Activision licensed the Gibson trademark and trade dress in November 2006 in connection with Guitar Hero’s "custom guitar controller peripheral." Activision paid a one-time fixed license fee to cover the term of the license and Gibson agreed to help promote the Guitar Hero product.
In January 2008, Gibson sent a letter to Activision requesting that it secure a license under Gibson’s U.S. Patent No. 5,990,405 ("the ‘405 Patent") for "the generation and control of a simulated musical concert experience and participation by a musician in a pre-recorded musical performance using a musical instrument as a control device" or halt sale of any version of the Guitar Hero game software. Activision denied the request on the ground of noninfringement of any valid patent claim and noted "Gibson knew about the Guitar Hero games for nearly three years, but did not raise its patent until it became clear that Activision was not interested in reviewing the License and Marketing Support Agreement." On March 11, 2008, Activision brought an action in the United States District Court for the Central District of California, entitled Activision Publishing, Inc. v. Gibson Guitar Corp., CV 08-1653-MRP, seeking a declaratory judgment that: (1) Guitar Hero does not infringe Gibson’s ‘405 Patent; (2) the ‘405 Patent is invalid; (3) Gibson is barred from alleging infringement by an implied license and the doctrines of equitable estoppel and laches; and (4) Activision has not breached its agreement with Gibson.
On February 28, 2009, following claims construction and a Markman hearing, the district court granted Activision’s Motion for Summary Judgment and denied Gibson’s Motion for Reconsideration of the Claim Construction Order, sustaining Activision’s Objections to Evidence. As an introduction to its decision, the Court held that "[a]s a general observation, no reasonable person of ordinary skill in the relevant arts would interpret the ‘405 patent as covering interactive video games." The Court held that Gibson’s contention that "the ‘405 patent covers any system when a user controls something ‘musical’ with any device" would mean that "actual musical instrument" would cover every conceivable device. The Court observed that the use of the words "musical instrument" has a much more narrower meaning. The Court also held that the Guitar Hero controllers must be considered independent from the console system to which they are attached and the ‘405 Patent can only read on the Guitar Hero controllers and nothing from the console’s input point onward. Further, the Guitar Hero controllers are not "musical instruments" because they do not make musical sounds within the meaning of the ‘405 Patent or which are "representative of the sounds" the controllers make or are capable of making. The Court further noted that the Guitar Hero controllers are not "musical instruments" in a traditional sense because they do not involve "actual operation of a musical instrument" or use virtual reality-type control devices — both of which were systems disavowed by Gibson in its ‘405 Patent. The Court further criticized Gibson by noting that "Gibson’s doctrine of equivalents arguments border on the frivolous" and "Gibson’s argument about the MIDI protocol actually undermine its position."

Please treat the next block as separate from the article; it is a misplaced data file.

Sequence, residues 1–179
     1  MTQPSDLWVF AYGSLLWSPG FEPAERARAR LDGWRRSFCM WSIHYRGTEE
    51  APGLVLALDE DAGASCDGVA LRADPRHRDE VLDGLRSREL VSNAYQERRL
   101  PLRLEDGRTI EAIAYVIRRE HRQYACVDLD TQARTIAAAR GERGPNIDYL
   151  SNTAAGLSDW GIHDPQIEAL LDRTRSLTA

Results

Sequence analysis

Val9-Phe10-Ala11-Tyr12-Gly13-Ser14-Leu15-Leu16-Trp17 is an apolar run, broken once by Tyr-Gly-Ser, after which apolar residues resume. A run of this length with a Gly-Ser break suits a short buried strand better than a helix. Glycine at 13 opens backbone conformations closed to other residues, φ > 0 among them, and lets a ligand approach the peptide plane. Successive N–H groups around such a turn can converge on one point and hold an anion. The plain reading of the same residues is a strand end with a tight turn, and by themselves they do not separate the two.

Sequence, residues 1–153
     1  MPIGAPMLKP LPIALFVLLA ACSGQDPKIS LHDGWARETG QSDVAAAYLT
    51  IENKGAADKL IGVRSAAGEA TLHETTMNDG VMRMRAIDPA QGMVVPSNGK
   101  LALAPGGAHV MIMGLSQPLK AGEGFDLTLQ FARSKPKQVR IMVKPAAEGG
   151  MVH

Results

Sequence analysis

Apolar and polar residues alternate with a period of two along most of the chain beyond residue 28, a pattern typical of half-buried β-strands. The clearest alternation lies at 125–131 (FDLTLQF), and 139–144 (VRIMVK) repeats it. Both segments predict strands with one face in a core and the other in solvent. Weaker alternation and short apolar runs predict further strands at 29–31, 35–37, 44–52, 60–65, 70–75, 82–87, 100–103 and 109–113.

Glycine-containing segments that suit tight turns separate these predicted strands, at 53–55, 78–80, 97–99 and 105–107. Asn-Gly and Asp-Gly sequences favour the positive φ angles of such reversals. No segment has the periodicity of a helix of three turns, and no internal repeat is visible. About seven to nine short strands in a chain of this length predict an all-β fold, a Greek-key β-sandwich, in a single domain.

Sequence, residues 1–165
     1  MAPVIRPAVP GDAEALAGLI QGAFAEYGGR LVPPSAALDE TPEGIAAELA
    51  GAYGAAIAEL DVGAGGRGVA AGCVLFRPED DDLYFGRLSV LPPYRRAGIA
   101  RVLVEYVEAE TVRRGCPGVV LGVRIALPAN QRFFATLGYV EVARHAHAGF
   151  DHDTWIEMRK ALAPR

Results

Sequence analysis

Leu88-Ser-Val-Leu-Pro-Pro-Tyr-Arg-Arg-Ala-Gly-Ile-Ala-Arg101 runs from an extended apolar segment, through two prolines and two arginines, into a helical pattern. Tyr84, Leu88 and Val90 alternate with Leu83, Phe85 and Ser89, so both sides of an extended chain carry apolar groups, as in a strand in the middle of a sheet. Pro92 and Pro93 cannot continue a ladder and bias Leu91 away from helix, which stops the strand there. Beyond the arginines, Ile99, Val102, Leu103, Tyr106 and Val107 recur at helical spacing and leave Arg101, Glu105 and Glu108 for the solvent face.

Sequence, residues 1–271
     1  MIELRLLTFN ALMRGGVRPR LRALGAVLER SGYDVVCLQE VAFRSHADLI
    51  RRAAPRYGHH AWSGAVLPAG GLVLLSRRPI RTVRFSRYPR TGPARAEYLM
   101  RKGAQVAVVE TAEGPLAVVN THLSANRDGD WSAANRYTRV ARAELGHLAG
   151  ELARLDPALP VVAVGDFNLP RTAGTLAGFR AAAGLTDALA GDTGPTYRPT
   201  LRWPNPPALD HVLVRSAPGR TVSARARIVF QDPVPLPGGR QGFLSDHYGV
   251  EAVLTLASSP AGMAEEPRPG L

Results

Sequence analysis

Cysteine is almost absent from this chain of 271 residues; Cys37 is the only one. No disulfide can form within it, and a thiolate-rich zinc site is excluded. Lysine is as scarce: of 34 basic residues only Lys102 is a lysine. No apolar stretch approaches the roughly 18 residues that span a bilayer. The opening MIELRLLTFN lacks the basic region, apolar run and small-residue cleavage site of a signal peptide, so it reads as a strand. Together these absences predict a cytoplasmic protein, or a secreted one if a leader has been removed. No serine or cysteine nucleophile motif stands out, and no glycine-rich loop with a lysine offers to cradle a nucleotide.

This case illustrates how a patent which is narrowly drawn with respect to "a pre-recorded musical performance using a musical instrument as a control devise" does not encompass a virtual reality-type control device, which simulates a musical performance and how a Court can become hostile to an attempt to interpret a patent and claims construction in an expansive and overly broad fashion.
Theodore C. Max